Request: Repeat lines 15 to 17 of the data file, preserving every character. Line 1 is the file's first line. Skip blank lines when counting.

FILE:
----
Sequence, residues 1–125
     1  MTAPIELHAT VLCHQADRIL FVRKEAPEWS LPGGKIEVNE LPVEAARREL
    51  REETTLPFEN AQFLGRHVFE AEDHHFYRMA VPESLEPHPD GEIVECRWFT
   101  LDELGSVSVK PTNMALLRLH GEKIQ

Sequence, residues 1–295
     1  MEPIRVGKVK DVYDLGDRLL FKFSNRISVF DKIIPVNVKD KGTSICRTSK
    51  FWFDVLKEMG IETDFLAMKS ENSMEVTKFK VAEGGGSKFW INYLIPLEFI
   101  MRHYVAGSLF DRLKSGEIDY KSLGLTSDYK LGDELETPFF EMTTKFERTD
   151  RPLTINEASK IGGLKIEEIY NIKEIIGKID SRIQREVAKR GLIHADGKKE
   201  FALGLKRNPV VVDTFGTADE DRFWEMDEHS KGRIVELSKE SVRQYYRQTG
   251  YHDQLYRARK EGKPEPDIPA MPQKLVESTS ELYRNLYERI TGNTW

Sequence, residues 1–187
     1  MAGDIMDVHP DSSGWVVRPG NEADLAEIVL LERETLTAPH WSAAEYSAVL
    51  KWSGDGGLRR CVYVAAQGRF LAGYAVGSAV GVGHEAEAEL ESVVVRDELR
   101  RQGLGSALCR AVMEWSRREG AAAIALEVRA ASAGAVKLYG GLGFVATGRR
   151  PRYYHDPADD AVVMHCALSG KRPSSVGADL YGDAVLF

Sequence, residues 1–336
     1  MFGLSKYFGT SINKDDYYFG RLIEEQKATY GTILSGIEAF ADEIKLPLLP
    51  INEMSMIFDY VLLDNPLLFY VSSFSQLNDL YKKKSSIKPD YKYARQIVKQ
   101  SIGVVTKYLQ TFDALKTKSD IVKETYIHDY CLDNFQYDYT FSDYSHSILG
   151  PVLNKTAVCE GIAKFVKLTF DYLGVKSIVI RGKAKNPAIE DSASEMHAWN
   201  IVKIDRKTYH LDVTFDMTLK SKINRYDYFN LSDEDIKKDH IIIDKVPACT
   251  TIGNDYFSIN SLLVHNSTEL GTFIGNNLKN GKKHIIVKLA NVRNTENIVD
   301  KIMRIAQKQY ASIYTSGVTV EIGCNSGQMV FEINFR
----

   101  RQGLGSALCR AVMEWSRREG AAAIALEVRA ASAGAVKLYG GLGFVATGRR
   151  PRYYHDPADD AVVMHCALSG KRPSSVGADL YGDAVLF

Sequence, residues 1–336